Weekly Links #6
All right, no apologies here, I simply forgot to take care of the newsletter yesterday with everything else I had on my mind. Most of the news this time aren't even strictly about gaming, and there aren't many of them in the first place, so...
Anyway, the two big scandals from last week are continuing. First, we have Peter Molyneux, who made the original Dungeon Keeper, chime in about the recent EA debacle, and his words aren't too kind. Then we have one more opinion about the drama surrounding Flappy Bird, which like the one I quoted on Friday isn't so much about what happened as how insensitive people can be on the Internet. And that's a real problem we're nowhere near solving.
While still on the topic of gaming drama, ever heard of Candy Crush? No? It's yet another of those games that are supposedly free to play but in fact cost a ridiculous amount of money to be at all fun. But that's not the problem. Since last month, its developer has been on a trademark trolling binge, trying to get exclusivity on the word "candy" in game titles. (And if that sounds ridiculous, consider a certain software mammoth who has long trademarked common English words such as, well, "Word"). That enraged the gamedev community to the point of launching a suitably-themed game jam, which is only possible because the trademark hasn't been granted yet.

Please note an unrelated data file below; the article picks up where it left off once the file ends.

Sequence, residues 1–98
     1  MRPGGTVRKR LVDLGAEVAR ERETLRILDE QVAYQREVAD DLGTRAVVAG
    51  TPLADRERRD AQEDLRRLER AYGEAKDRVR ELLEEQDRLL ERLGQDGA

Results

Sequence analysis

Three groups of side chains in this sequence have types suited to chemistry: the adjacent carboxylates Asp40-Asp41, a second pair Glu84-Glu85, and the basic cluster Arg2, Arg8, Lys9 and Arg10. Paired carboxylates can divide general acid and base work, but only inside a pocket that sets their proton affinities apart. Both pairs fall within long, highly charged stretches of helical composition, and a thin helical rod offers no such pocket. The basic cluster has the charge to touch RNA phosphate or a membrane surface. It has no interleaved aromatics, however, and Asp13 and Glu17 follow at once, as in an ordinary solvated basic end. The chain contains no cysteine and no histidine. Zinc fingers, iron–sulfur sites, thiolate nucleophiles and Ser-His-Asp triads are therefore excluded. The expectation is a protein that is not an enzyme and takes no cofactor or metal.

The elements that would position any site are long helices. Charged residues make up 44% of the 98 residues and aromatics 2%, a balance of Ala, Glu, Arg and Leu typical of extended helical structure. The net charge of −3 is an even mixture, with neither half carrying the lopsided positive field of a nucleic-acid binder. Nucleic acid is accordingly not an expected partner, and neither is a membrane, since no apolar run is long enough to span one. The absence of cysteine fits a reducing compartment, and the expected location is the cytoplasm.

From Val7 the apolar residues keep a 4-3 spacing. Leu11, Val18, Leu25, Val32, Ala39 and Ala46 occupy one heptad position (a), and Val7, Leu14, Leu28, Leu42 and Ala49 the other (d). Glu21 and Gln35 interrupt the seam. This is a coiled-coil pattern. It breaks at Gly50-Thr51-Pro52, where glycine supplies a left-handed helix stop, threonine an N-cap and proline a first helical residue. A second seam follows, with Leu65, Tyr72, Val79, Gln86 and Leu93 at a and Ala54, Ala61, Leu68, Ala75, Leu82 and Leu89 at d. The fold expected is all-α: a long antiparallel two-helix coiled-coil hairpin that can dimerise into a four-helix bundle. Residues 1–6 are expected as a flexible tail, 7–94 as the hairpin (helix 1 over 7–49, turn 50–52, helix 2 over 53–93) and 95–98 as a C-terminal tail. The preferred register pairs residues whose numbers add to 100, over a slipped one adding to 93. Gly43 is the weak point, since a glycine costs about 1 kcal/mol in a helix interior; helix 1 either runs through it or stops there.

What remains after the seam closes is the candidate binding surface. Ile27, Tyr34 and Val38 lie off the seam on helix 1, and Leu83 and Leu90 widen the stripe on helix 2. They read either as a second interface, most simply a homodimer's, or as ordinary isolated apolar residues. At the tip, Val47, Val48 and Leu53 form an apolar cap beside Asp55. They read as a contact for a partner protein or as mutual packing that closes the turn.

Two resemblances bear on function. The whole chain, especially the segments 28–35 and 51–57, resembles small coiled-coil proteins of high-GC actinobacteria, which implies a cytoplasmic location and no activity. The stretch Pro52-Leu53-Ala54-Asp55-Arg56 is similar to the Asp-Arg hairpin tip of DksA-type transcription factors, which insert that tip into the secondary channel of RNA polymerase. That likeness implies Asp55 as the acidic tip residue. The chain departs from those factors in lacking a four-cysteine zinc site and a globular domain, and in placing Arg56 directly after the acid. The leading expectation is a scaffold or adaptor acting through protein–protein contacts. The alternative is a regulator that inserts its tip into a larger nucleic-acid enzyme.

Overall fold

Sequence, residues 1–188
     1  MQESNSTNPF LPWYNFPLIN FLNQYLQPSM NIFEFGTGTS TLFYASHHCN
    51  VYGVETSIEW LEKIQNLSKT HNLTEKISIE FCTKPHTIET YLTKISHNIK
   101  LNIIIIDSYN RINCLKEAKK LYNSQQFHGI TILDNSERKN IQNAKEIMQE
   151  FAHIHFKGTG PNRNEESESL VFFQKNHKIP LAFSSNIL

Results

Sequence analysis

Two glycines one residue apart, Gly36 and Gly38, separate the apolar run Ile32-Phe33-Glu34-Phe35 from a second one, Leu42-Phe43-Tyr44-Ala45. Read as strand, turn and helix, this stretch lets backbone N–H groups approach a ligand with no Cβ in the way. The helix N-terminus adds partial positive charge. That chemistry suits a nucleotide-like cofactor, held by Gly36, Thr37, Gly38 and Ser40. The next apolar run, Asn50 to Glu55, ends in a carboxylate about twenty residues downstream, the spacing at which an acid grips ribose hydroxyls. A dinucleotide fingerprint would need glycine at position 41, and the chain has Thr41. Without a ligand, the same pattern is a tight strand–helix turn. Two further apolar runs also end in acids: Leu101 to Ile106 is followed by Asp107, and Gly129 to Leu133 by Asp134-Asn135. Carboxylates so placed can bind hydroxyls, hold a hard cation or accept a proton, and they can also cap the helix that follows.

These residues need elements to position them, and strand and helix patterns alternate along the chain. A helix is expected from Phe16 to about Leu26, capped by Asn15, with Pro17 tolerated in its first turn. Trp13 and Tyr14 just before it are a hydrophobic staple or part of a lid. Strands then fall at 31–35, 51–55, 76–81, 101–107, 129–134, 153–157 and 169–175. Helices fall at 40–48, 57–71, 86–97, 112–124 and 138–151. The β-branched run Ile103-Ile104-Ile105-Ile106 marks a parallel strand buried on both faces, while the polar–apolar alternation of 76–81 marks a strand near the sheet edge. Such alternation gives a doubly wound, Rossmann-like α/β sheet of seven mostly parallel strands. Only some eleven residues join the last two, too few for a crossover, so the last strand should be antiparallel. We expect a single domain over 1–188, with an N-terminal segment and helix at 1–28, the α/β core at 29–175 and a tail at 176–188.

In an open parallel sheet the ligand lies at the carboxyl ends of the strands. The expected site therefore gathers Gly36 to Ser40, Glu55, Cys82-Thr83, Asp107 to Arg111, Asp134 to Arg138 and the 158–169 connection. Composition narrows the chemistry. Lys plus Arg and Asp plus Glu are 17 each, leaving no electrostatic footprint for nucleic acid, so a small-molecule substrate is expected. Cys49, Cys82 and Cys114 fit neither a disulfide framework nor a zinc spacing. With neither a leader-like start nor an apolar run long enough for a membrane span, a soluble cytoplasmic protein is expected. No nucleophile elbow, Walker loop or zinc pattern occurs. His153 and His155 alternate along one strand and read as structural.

Anyway, the big revelation about this entire story -- and notice how I didn't bother to cover it until now -- is that Candy Crush was in fact stolen from a much smaller developer, who has now lost the rights to his own game, and with that a good portion of his livelihood. So don't believe Polygon when they tell you the trademark could always be challenged in court. Trust me, you don't have enough money, or time, or lawyers; and if you think the law protects you anyway, well, have some candy.
To end on a funnier note, PC Gamer lets us know about a new feature of Steam which allows anyone to tag games for everyone to see. Which naturally led to some very nasty words being used. Odd how nothing like that happens on, say, Flickr. Oh wait, on Flickr you can only tag your own photos. But it also doesn't happen on Shelfari, where you can tag any book. Perhaps it's because other people can't actually see your tags. So you see, this doesn't mean allowing tags is a bad idea; it simply means the feature was poorly thought out.
Anyway, that's all I have today. Until next week.